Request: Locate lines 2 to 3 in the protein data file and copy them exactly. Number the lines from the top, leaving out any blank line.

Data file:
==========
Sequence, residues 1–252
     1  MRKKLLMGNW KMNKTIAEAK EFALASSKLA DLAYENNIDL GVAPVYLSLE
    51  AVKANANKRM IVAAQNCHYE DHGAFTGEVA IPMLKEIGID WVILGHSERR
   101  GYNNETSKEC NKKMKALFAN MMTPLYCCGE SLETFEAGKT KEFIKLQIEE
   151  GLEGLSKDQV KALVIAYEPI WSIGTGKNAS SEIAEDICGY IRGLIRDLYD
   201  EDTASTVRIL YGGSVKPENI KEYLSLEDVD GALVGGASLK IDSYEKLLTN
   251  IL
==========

     1  MRKKLLMGNW KMNKTIAEAK EFALASSKLA DLAYENNIDL GVAPVYLSLE
    51  AVKANANKRM IVAAQNCHYE DHGAFTGEVA IPMLKEIGID WVILGHSERR